Reading Lives: The Good, The Bad, The Dysfunctional

Folks often don’t realize that we have current novels here in the library. Our current favorite is The Family Fang by Kevin Wilson, a professor at the University of the South. This novel about a bizarre family of performance artists has been picked up by Nicole Kidman as a future movie project. It is sad, moving, and often just flat-out hilarious. I recommend it to everyone. Besides his wife, agent, and possibly Nicole Kidman, I am the book’s biggest fan.

But it’s not our only novel about dysfunction. We have others that will make you happy that your own family is relatively normal:

The Marriage Plot by Jeffrey Eugenides

Freedom by Jonathan Franzen

The Art of Fielding by Chad Harbach

This foray into the world of dysfunction made us wonder what aspects of our own lives would be put in a modern novel. Here we go:

Colette: I’m happy to say that the lion’s share of dysfunction in my family is far away, in the outlying kin, not in my immediate family; those in my immediate family are practically perfect :).  That said, every summer of my childhood we drove deep into mosquito country to visit relatives (the dysfunctional ones) and a 900 mile car trip in 99 percent humidity can turn just about any family dysfunctional at some point.  I wrote a poem about the trip we brought along our hamster, which promptly died en route and it spent the remainder of the trip in our ice chest, next to the sandwiches.  If you’re into deceased rodent poetry, I’ve included a link to Part I of that poem, Ways_You_Come_to_Know.

Emily: Eric and I routinely choose watching Shark Tank on Friday nights over socializing.

Pam: The horrid vision of a certain family member slamming down a boxful of Easter baskets and hatefully snarling at each of us to have a blessed Easter as she stalked off and slammed the door behind her still echoes in my dysfunctional memory bank as the ultimate in my journey of stepping on egg shells…literally! My mother had me innocently call this family member and find out if they were on their way yet, so that my mom could go ahead and put the rolls in the oven. This turned into an extreme misunderstanding with that person believing that I (of all people who is “always late” and “we always work around HER schedule”) had been shown favoritism by my mother when I’d “had the nerve” to call and question her as to the time of their arrival. Good grief! It was a most unpleasant exchange. The ultimate twist was the shame placed on us when it was explained that the reason they were running a bit behind was BECAUSE SHE WAS MAKING US EACH A LITTLE EASTER BASKET! Geez! After this family member stomped off, I opened the box only to find all of our baskets tipped over and strewn all over the bottom of the container. It’s a horrid memory that we still talk about to this day. It ruined the entire day for us all.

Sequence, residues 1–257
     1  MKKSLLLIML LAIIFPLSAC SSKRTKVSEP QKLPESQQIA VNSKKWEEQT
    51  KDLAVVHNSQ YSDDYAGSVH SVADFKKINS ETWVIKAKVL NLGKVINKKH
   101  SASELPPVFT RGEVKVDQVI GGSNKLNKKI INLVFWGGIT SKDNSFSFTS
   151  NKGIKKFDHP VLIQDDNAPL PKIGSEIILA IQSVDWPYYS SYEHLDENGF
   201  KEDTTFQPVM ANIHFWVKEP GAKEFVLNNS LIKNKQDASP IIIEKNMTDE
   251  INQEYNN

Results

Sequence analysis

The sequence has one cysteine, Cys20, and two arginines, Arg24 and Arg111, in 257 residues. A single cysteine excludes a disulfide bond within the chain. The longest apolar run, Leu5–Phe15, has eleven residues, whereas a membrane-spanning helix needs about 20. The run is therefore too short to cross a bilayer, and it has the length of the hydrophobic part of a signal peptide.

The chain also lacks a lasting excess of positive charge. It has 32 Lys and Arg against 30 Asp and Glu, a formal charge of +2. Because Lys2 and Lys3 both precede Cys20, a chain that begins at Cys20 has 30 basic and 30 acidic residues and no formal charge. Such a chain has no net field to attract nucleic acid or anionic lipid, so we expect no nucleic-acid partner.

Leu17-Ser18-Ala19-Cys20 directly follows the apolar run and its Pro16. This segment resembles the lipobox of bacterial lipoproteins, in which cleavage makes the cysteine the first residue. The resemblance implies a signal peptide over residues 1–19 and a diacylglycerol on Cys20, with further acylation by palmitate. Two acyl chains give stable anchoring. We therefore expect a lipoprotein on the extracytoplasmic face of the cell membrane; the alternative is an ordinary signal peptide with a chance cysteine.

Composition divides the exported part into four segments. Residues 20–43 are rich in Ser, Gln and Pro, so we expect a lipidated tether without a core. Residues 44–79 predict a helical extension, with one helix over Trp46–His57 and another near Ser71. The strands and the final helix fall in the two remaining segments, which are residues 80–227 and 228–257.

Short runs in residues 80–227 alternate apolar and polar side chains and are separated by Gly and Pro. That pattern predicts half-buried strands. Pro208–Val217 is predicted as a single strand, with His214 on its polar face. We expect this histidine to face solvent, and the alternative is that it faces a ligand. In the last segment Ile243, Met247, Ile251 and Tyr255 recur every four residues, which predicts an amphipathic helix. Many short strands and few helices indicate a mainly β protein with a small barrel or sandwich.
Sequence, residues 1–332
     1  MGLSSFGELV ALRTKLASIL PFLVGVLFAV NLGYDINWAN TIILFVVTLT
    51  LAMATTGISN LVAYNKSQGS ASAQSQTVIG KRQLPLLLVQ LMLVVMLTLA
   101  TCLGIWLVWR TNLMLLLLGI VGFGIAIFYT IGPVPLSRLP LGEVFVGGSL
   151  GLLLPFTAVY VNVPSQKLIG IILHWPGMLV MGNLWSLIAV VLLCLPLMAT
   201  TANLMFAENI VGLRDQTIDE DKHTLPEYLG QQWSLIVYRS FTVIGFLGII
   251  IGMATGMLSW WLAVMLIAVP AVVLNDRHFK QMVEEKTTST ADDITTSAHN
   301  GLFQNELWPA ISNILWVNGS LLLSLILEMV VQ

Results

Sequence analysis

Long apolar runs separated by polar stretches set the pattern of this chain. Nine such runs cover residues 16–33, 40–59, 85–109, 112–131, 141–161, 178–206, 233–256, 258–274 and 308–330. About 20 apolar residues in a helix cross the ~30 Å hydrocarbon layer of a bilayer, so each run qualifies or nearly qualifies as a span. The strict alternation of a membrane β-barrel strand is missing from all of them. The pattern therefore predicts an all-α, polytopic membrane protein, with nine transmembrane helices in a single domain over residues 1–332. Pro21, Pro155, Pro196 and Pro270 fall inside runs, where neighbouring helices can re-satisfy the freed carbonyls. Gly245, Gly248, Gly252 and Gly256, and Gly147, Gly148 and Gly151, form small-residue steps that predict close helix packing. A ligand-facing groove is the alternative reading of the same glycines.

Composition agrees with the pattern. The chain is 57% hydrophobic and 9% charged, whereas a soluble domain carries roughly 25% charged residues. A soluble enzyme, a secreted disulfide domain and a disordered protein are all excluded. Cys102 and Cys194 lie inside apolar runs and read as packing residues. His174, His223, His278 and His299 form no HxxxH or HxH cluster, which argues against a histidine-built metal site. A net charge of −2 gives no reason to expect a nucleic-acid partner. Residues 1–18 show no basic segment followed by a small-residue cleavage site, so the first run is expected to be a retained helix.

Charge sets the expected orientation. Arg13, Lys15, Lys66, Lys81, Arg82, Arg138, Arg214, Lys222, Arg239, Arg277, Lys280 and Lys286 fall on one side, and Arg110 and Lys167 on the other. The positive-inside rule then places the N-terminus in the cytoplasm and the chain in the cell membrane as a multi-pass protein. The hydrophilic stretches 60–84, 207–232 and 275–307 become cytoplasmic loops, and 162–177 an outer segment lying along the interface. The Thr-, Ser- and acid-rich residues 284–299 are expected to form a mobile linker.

Sally: I was a student at Belmont University in the 1970’s. well at the time Belmont was Baptist and had hours for the women’s dorms. They also had room checks every now and then.  Well one day my brother, who does not look at all like me and had long hair (remember this was in the mid-70’s), was in my room visiting when the dorm mother had a surprise room inspection.  All the girl’s on the floor knew he was there and that he was my brother, but the dorm mother did not.  We finally convinced her that he was indeed my brother.  Everything ended up ok, and I did not get kicked out of Belmont.  I could also tell you about getting locked in Belmont’s library…(but that’s another story).

Jolly Librarian: One year, my mother decided to go after the doves. She and my dad have a feeder outside the kitchen window where they can watch birds while they eat breakfast. The fat gray doves were hogging the food and chasing off the smaller multi-colored birds. My mother decided to take action. She found my sister’s childhood BB gun and declared war on them. So my neighbors were given the treat of seeing my mother appear from the garage, gun in hand for several mornings. Now if this were a Southern Gothic tale, my mother would be showing the first signs of dementia or would accidentally take out the eye of a small neighbor kid. But nothing like that happened. No birds were even harmed. For one thing, my mother opened the door with such force that they all flew away. For another, the BB gun had long been damaged and shot its bbs out in a random pattern, anywhere but where it was aimed. We never discovered how my mother and the doves came to a truce. But they did, and to this day, they eat calmly at the feeder most mornings. I dare not ask where the BB gun is.

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